So, I was able to finish the ceiling with green glue and have been working a litte bit on the walls. Hopefull I get that done soon.
In the meantime I got a great opportunity to buy some leftover OC703 from HuskerOmaha and he brought up a good point about my theater post...It's not real clear what I'm attempting to do with my theater because it really is different than most people's idea for their theater.
I've spent a lot of time working with film files and creating content for DVD's and bluray's, so I've known the in's and out's of these systems. When I saw that Bluray 3D had been approved I thought, 'Finally, Hi Definition 3D material will be available and I can start to do on a big screen like the theaters.' But, because of whatever reason (probably concentration of force in sales for the easiest, best understood manner, e.g. 3D HDTV sales) they haven't pushed for any other technologies for displaying th 3D content aside from the normal active shutter lense, even though, roughly 99.9 percent of people who see a 3D presentation in a theater views the content through a one of the various types of passive technologies
I started looking at ways to do it in dual projection because this method produces the most pure form of the content directly to the viewer. It's constant 1080i (I believe for 3D, 2D is 1080p) images to the viewer. In an active shutter system that's not the case. It's the pure thing that got me going and the fact that I wanted to have a good number of people coming to watch a film here and not having to spend 8x$150 per glass and that's if it's only 8 people.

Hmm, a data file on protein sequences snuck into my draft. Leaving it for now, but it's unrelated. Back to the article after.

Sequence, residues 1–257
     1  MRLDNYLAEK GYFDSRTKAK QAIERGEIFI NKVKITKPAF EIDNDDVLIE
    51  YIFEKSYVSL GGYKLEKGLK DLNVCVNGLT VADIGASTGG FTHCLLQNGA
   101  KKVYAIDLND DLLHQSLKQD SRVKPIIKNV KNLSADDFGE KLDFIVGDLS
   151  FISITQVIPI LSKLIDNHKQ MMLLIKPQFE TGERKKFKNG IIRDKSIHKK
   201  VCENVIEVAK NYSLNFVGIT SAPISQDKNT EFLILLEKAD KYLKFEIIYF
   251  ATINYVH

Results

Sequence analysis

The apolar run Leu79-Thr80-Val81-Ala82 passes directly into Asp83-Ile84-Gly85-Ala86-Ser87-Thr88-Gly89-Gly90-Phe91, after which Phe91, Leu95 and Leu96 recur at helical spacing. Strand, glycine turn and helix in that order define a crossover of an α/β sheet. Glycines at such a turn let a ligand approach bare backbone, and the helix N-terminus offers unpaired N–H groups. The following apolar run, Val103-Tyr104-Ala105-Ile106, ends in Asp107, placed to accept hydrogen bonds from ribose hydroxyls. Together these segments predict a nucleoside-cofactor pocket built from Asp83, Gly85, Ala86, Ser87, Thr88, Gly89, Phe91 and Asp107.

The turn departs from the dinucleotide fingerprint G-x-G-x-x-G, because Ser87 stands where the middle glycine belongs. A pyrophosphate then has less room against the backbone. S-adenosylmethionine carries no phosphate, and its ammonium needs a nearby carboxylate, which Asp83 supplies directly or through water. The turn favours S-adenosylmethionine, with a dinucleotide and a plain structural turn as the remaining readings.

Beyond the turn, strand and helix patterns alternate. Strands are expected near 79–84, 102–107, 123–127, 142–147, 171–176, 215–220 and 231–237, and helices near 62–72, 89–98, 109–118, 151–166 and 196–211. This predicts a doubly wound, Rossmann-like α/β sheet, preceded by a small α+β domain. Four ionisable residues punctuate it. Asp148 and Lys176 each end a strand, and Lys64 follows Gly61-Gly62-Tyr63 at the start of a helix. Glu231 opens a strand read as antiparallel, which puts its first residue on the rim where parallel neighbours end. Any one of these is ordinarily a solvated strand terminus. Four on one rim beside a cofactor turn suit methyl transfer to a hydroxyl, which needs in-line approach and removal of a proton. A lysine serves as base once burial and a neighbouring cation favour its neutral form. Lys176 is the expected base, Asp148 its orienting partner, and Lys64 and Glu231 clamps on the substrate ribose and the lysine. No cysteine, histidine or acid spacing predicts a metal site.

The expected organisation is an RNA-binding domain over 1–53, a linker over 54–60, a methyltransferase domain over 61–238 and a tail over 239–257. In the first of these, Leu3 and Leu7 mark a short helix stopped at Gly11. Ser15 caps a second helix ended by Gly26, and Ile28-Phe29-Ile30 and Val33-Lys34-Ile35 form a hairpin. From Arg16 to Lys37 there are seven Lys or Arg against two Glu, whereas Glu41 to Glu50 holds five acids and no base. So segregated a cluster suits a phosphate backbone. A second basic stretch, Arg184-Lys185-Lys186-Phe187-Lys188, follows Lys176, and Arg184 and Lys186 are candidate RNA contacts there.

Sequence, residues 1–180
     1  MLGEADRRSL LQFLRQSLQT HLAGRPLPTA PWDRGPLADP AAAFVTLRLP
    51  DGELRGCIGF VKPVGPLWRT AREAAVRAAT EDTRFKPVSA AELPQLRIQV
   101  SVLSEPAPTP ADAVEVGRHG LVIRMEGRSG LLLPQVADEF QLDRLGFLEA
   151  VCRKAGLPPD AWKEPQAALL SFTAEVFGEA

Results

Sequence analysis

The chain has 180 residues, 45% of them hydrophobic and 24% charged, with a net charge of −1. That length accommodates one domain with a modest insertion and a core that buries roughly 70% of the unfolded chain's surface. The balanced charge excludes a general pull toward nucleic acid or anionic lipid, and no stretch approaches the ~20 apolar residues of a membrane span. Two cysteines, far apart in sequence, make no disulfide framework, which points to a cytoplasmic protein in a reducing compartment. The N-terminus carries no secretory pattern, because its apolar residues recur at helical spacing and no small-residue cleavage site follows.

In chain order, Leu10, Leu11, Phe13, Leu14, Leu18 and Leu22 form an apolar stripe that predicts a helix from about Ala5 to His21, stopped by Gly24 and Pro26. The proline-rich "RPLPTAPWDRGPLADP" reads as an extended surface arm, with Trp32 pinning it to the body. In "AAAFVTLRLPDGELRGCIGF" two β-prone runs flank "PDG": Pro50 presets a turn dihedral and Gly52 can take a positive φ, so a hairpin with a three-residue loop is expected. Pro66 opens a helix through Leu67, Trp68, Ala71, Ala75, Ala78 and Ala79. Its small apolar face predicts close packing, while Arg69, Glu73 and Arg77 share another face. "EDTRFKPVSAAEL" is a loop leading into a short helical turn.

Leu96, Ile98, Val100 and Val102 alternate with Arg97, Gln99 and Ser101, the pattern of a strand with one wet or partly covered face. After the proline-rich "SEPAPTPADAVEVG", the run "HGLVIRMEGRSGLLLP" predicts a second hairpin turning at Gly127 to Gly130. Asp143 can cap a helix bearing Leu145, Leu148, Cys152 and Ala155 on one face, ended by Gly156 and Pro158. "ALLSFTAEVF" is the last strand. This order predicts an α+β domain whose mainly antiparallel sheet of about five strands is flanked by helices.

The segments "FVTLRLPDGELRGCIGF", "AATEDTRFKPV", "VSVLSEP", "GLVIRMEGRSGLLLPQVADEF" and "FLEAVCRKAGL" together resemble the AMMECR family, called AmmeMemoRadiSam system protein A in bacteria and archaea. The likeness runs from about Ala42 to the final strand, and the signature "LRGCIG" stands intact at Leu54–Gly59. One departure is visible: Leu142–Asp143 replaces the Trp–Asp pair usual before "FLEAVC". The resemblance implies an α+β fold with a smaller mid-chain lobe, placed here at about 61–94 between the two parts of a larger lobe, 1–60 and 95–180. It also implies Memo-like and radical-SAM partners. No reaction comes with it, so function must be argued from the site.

For my dream to be realized, I knew that it could only be done on the computer because there were certainly some challenges to overcome on the hardware front and no one was making that kind of equipment. So, here's what I was looking for.
1. A bluray player that had 2 HDMI outputs for left and right images.
a. This player also had to have another HDMI output for audio only thus letting me also experience all the HD tracks because it's not available through optical outputs.
2. A computer software that would decode the 3D bluray files for use on a dual projection system.
Well, none of the main companies for hardware, namely Sony, Samsung, Pioneer, LG wanted to build this type of device. I know because I emailed all of them with this idea and all said in essence 'no we're not doing that but take a look at our 3D bluray players we already have.'
Really!? Really!There isn't a demand for it in the High end market? Whatever. It's their company losing out.
So, I set out to do it on the computer. The two largest players for bluray software playback are Arcsoft's Total Media Theatre and Cyberlink's PowerDVD. Before the software update all of them promised 3D playback but it wasn't clear what options would be available. After many emails and some forum posts, it was clear that they didn't intend on implementing it and many of them had no idea of what we were talking about. For fun you can search their forums and laugh at some of their more clueless posts
. Anyways, it was clear that I would have to take matter into my own hands.
I apologize for the long post but I think this will save some poor person trying to do the same thing and having to go through all the problems I encountered. So, here's what you can do in two ways.
1. You need to have two projectors (duh).